That was easy, next blog post... No, you want more than that? Okay:
Divorce is by definition about the failure of a plan. You got married, you took vows, and it didn't work out. Whether or not you are about assigning blame (and there is usually enough to go around), divorce is about picking up the pieces of a failure. Accepting that disappointment is as important a step in moving on as accepting that the marriage was over in the first place.
If you take that failure personally, you should discuss those feelings with friends, family or a professional therapist. You shouldn't ignore them because you need to find a way to move past them in order to deal with the practical realities of dividing up a marital life.
With respect to finances, divorce means dividing up a business partnership, and there is no perfect or ideal way to do this. In Massachusetts, the court can consider numerous factors in how to do this (M.G.L. c. 208 s34), but in practice most cases settle, and they settle based on what both parties can live with. You won't get everything you want, but neither will the other side.
With respect to children, even if you do the best you can parenting apart is never ideal. In many situations and for many relationships it may be better than parenting together, but even the best parents can't undue the loss a child feels when their parents break up. I was reminded of this when reading a simple quote from an interview with Jack Black in the Guardian, in which he matter-of-factly indicates that his parents divorced and as a kid the simple fact "that they can't live with each other makes you feel there's something wrong with you." In many ways parenting is about doing your best with what you have anyway, and no where is this more true than in parenting apart. You can educate yourself and make the best of it, and minimize the trauma on your children. But to do that you have to first accept that this situation is not perfect, and find ways to compensate.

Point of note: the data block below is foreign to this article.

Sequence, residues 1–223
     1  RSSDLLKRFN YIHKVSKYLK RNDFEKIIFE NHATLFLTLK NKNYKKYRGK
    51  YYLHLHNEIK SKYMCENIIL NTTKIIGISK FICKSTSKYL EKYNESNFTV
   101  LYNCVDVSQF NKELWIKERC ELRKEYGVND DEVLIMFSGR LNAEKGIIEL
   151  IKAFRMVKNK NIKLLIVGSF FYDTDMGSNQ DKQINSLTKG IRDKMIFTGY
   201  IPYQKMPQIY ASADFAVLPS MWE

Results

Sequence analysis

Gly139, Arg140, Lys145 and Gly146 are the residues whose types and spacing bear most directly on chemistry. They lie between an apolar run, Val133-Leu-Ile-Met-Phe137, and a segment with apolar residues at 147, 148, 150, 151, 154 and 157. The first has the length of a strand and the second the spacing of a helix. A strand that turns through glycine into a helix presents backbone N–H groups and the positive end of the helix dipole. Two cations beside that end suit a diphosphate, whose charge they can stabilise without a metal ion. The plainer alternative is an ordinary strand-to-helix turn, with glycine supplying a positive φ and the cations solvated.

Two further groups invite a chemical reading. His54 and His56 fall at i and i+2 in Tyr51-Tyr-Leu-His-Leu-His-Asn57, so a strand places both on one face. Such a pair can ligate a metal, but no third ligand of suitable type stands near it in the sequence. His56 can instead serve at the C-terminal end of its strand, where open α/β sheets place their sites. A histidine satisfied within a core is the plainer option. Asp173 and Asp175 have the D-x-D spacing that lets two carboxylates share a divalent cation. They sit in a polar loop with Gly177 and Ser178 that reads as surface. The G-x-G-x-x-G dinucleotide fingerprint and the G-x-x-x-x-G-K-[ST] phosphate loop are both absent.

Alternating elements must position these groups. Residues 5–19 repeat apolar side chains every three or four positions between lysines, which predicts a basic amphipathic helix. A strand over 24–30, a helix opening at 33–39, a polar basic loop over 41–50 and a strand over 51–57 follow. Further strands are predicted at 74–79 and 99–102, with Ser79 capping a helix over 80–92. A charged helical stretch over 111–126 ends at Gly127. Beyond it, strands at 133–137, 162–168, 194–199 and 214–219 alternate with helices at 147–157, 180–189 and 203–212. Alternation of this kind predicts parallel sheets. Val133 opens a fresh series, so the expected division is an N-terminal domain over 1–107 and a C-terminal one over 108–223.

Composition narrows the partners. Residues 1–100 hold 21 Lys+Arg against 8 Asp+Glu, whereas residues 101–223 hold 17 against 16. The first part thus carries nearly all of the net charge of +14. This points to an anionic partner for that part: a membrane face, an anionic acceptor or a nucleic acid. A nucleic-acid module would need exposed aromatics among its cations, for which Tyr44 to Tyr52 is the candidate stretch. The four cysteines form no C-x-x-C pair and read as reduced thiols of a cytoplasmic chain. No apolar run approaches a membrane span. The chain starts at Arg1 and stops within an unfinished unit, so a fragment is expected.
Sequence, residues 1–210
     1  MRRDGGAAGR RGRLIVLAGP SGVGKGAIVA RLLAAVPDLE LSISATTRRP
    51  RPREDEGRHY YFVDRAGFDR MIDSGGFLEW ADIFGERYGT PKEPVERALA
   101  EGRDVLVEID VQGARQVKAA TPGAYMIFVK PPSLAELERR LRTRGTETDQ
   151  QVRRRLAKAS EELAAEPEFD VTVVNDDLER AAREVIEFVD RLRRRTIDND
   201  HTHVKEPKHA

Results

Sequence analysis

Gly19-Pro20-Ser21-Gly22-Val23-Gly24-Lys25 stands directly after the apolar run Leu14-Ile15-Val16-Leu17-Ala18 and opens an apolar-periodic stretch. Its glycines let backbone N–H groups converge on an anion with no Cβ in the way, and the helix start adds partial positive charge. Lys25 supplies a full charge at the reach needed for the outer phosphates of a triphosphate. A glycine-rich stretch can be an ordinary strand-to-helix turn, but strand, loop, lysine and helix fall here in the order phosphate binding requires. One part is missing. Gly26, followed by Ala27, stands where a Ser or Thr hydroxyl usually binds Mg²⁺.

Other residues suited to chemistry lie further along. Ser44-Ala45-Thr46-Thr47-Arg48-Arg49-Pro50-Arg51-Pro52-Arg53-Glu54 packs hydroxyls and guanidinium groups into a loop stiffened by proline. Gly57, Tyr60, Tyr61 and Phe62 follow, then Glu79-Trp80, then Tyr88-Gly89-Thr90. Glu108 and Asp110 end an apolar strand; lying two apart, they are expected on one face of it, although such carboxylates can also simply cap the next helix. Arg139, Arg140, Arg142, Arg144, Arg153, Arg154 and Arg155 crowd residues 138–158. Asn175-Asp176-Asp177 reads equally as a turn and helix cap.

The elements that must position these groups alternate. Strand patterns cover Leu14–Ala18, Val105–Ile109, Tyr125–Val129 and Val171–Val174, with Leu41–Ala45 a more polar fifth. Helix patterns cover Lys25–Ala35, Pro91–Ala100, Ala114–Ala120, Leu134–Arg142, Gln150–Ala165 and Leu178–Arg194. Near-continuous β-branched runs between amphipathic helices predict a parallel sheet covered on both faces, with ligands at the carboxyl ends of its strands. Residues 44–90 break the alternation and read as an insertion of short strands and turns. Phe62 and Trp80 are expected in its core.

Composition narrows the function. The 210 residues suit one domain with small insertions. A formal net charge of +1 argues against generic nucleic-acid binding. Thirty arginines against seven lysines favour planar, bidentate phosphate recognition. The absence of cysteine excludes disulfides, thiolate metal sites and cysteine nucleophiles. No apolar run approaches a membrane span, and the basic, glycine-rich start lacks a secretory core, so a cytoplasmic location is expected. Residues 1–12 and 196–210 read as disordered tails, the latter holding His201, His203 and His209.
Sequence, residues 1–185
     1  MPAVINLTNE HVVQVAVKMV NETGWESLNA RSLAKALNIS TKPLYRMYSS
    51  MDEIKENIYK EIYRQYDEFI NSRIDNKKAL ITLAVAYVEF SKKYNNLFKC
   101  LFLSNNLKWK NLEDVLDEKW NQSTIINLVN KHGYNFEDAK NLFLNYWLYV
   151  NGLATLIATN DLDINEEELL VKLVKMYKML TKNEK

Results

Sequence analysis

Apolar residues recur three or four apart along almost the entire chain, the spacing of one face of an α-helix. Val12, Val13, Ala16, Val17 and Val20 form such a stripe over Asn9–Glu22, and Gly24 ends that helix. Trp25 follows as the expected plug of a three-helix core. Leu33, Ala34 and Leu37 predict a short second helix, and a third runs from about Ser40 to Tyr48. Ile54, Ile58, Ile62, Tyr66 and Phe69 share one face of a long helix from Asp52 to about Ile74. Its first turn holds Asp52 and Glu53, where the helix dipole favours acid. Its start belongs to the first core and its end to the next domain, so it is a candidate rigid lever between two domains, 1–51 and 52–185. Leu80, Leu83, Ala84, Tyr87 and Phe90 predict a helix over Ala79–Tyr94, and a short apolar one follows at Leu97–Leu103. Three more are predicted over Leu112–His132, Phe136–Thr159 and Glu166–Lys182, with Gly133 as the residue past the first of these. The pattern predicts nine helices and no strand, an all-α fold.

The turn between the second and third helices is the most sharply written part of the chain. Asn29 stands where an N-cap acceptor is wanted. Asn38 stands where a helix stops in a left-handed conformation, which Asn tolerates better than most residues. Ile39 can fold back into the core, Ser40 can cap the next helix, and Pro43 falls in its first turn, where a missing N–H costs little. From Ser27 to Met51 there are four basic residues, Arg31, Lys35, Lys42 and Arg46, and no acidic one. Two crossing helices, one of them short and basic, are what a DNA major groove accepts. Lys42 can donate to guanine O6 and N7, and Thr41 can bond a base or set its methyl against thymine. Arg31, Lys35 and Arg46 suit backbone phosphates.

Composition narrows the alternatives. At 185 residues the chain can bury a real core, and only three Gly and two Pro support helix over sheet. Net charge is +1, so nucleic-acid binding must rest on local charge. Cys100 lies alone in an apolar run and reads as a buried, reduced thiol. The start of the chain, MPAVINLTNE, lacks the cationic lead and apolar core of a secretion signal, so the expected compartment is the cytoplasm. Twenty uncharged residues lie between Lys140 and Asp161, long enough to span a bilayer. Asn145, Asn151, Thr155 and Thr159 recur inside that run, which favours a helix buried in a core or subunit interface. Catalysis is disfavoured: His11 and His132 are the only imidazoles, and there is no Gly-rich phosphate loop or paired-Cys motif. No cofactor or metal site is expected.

At the end of the day, realizing that there is no perfect divorce is an important step in figuring out how to look at the future rather than dwell on the failures of the past. Sometimes the cliché is true: whatever doesn't kill you makes you stronger.